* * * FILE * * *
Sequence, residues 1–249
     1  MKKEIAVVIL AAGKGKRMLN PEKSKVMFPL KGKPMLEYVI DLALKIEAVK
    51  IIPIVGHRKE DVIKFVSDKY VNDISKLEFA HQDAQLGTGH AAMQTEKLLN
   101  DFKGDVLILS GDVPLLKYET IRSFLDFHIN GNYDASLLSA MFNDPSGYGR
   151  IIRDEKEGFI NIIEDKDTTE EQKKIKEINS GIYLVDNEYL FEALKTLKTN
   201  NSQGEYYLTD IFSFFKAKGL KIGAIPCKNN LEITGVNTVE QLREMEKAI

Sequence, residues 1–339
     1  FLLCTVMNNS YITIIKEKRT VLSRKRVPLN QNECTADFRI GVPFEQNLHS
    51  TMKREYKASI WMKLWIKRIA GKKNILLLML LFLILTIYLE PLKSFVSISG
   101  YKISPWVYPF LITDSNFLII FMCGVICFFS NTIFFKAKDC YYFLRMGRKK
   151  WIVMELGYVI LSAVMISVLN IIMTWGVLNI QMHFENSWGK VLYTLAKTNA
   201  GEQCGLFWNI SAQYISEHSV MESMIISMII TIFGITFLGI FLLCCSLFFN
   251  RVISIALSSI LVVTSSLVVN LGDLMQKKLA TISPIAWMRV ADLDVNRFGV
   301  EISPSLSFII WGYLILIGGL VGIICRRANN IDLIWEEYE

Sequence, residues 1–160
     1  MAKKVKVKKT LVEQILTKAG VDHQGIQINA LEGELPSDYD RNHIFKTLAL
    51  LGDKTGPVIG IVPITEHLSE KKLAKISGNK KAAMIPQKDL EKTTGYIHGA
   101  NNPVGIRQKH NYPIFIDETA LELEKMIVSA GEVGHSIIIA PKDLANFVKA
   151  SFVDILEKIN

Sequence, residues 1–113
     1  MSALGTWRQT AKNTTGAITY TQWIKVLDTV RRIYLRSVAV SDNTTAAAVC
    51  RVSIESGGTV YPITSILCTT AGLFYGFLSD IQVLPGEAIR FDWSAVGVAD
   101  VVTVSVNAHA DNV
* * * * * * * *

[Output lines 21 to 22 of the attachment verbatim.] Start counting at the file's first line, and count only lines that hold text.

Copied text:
     1  MSALGTWRQT AKNTTGAITY TQWIKVLDTV RRIYLRSVAV SDNTTAAAVC
    51  RVSIESGGTV YPITSILCTT AGLFYGFLSD IQVLPGEAIR FDWSAVGVAD